Infrared technology is increasingly present in mainstream industrial applications. Before asking ‘what is infrared technology?’ – we need to clarify our understanding of infrared radiation. Visible ‘light’ accounts for a tiny amount of the radiation that exists around us, our eyes are only capable of seeing a narrow region of the electromagnetic spectrum, and we need specialist technology to see what lies beyond. Microwaves, radio waves, ultraviolet rays, and infrared are all forms of radiation that’s invisible to us, but their presence is felt nevertheless, largely through radiated heat. We use protective cream for example, to protect us against the sun’s harmful UV rays, and x-rays (a high energy, short wavelength radiation) are used extensively to penetrate our skin and reveal fractures in bone in a way that’s not possible by visible light.
Infrared, or ir, meaning ‘below red’, is radiation similar to visible light, but with a slightly longer wavelength. It has less energy than red light – which is the lowest energy light the human eye can perceive. Whilst visible light is emitted by objects at a very high temperature, infrared energy is emitted by all objects at room temperature and below. Now, all objects have the ability to absorb and emit radiated heat, but at different values. Dull and dark objects such as concrete and rubber, for example, will retain and emit more heat under identical conditions than reflective objects like steel. But generally, the hotter the object, the greater the amount of infrared energy is emitted. The human body emits a vast amount of heat that’s difficult to perceive without specialist infrared technology.
Let’s consider measuring this emitted heat…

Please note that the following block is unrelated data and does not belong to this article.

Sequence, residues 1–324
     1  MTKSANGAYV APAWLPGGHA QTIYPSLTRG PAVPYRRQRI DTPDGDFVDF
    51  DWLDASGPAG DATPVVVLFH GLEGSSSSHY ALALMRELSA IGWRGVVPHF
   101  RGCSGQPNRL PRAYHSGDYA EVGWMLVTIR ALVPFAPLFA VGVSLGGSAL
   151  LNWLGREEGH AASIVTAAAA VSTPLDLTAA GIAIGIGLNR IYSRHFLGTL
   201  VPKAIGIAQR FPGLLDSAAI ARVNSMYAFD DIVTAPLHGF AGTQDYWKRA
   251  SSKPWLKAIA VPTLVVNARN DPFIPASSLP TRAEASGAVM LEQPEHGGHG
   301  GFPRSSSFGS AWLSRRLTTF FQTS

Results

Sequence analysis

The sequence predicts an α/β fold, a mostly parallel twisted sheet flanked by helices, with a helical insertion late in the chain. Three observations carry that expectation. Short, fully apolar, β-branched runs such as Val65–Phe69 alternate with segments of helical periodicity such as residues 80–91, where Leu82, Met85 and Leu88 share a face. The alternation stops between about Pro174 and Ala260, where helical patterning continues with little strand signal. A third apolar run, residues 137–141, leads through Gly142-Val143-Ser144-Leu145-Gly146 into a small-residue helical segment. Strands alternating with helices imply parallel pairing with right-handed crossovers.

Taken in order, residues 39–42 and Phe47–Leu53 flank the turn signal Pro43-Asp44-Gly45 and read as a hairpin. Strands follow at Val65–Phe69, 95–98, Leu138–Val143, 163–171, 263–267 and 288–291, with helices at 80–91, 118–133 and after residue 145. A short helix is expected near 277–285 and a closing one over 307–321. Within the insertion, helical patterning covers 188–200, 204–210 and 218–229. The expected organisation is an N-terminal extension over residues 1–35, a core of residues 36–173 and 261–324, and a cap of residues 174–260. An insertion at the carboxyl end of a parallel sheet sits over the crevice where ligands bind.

By using sophisticated technology, we can detect emitted infrared energy. Taking the human body as an example, infrared thermal image cameras can detect our infrared heat signature in total darkness. You may have seen an image taken by a police helicopter camera of suspects on the run at night, showing the hottest areas as bright white, typically being car tyres, street lighting, or human skin. Thermal imaging systems not only let you see in the dark, but they also enhance your ability to detect excessive or inadequate temperatures of critical objects, assess energy loss and protect the environment, and evaluate building diagnostics. They are an invaluable, affordable tool for businesses specialising in transportation, construction, environmental monitoring, electrical installation, and security.
An alternative to the infrared thermal image camera is the infrared thermometer. These thermometers use sophisticated optics to measure radiated heat. Often being equipped with a laser, they are designed for instant non-contact temperature measurements of inaccessible, hygienic, or hard-to-reach flat surface areas, such as air conditioning systems, industrial machinery, automotive spot checks, and food preparation surfaces.
When it comes to using an infrared thermometer, most suppliers would have you believe it’s simply a question of pointing the laser; pulling the trigger, and reading the temperature measurement. It’s really not that simple to achieve an accurate measurement. Important factors to consider before measuring are laser spot-size, and the emissivity value of the surface being measured. The error in the accuracy of a measured value can be as much as 30% of the reading just based on emissivity.
Calibrating your instrument…
If you can choose the infrared technology best suited to your intended application, AND provide traceable instrument calibration to an auditor, you can always be assured of your measurement’s creditability. If you’re unsure of an instrument’s suitability, always consult the help of a professional body.
Source by Samuel E Allen